All employees of the church are employees-at-will, and either the employee or the church can terminate the employment relationship at any given time, for any reason NOT prohibited by law. Authorized ministers’ service under a Letter of Call is subject to the terms of the letter and the constitution of your church.
However, one of the most common causes of employment litigation is a bad termination whether initiated by the church “with cause” or a “voluntary resignation” by the employee. While these may be difficult and highly emotional events, they must be handled dispassionately and strictly by the rules. Three things are of utmost importance:
- Never permit one person authority to terminate another employee. Get legal or human relations professional advice before terminating an employee “for cause” whether it is for performance, attendance, or insubordination.
- Antidiscrimination laws, both federal and state, protect an employee from being fired because of any discriminatory reason such as their race, ethnic background, religion, sex, age, or disability. If a court finds the church guilty of a discriminatory firing, the church may be ordered to pay the employee back pay and damages. In some cases, the courts have ruled that these employees win reinstatement to their former job positions.
- In Pennsylvania, employers can also be found liable for “wrongful discharge” if the firing violates public policy. Under the public policy exception to the employment-at-will doctrine, the courts have held that an employer cannot require an employee to commit a crime, cannot prevent an employee from obeying the law, and cannot fire an employee if a law forbids the firing. For instance, Pennsylvania courts have found public policy violations where an employer fired an employee for serving on jury duty.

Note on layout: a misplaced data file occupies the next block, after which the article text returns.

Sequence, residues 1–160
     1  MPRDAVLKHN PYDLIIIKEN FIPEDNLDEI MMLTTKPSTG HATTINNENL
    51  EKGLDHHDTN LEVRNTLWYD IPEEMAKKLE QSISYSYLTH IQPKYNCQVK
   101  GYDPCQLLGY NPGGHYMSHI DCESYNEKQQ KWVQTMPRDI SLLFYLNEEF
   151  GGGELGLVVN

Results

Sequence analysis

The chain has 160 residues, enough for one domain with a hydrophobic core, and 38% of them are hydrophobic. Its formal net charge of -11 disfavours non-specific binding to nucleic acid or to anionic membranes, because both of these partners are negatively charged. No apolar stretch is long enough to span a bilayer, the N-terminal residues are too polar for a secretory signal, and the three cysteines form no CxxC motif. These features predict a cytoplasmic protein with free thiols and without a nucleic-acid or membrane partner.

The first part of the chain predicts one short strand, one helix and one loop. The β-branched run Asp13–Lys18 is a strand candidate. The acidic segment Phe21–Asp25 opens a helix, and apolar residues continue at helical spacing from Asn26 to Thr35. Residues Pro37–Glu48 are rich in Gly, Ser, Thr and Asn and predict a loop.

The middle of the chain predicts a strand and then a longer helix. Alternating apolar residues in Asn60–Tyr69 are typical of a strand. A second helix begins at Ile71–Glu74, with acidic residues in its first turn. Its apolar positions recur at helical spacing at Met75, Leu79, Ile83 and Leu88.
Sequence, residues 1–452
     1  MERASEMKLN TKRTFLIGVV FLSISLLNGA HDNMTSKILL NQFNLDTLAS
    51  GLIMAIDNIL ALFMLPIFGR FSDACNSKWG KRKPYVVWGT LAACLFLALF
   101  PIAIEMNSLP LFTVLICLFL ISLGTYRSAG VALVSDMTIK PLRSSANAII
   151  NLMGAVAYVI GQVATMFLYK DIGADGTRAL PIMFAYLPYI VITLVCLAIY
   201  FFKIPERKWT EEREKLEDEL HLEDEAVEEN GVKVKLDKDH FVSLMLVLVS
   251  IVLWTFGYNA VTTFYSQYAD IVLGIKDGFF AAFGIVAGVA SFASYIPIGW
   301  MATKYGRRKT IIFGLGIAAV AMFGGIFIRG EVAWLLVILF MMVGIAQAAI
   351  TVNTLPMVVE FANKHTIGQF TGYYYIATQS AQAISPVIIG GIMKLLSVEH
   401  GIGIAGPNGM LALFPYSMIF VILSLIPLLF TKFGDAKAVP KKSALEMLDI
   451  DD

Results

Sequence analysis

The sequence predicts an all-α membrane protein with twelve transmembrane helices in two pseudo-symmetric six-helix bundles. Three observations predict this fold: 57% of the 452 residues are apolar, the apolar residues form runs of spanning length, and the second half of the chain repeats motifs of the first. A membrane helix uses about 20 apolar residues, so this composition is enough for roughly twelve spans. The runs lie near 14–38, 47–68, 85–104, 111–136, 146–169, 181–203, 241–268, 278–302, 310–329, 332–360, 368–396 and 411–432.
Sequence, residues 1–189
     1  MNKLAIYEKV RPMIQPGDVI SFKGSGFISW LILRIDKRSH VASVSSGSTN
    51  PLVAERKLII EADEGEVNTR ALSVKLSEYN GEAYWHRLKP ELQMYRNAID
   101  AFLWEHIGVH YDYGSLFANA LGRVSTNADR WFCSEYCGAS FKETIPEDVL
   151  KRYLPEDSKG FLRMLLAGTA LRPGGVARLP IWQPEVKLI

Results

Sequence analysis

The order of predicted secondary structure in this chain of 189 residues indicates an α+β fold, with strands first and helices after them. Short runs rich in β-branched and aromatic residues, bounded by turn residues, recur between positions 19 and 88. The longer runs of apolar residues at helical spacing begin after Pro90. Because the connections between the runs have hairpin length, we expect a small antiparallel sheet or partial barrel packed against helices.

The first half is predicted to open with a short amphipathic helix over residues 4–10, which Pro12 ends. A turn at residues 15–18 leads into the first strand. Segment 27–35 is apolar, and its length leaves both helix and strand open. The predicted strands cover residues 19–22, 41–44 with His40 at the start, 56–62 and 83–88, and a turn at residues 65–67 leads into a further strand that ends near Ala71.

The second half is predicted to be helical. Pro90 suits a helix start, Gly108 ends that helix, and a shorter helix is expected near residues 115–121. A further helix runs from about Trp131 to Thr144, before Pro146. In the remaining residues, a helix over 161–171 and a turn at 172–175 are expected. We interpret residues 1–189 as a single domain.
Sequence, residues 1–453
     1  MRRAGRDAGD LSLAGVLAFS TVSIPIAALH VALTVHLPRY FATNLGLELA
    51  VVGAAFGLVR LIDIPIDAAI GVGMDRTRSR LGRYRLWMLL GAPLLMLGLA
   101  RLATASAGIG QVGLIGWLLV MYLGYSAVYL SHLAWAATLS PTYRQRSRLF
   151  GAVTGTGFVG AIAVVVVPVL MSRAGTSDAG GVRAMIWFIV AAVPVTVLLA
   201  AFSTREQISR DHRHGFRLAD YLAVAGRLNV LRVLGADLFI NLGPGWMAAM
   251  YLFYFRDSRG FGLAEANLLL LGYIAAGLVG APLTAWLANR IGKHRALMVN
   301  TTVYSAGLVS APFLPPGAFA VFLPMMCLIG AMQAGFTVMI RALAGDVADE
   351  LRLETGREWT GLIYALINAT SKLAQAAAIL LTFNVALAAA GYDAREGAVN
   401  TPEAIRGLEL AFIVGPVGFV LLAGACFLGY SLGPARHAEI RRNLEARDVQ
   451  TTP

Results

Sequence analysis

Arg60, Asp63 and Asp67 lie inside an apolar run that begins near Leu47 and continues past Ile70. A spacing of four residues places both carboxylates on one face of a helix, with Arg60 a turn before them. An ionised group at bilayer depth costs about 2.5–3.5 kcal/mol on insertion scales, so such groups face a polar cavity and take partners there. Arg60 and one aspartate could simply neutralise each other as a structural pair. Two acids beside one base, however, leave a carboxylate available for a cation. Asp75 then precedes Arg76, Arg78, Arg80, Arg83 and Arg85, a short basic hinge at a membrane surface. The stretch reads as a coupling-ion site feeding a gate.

It is good policy to spell out in your employee manual certain things like what constitutes abandonment of a position and therefore a voluntary resignation, what are reasons for discharge of a position, and if severance pay would or would not come in to play for a terminated employee. An explanation of what would be the terms if a staff’s position would be reduced or discontinued should also be included.
When an employee leaves the employment of the church, many actions that were done in the hiring process need to be reversed. For example, you may need to change signature cards at the bank, collect credit cards that were issued in their name, and remove their name from pertinent information.
How long employee records must be kept
Most authorities specify that employee records for a church must be kept on all current and former employees for at least three years. It is good practice, however, to keep all records on current staff for the entire time they are employed until at least 3 years after their departure.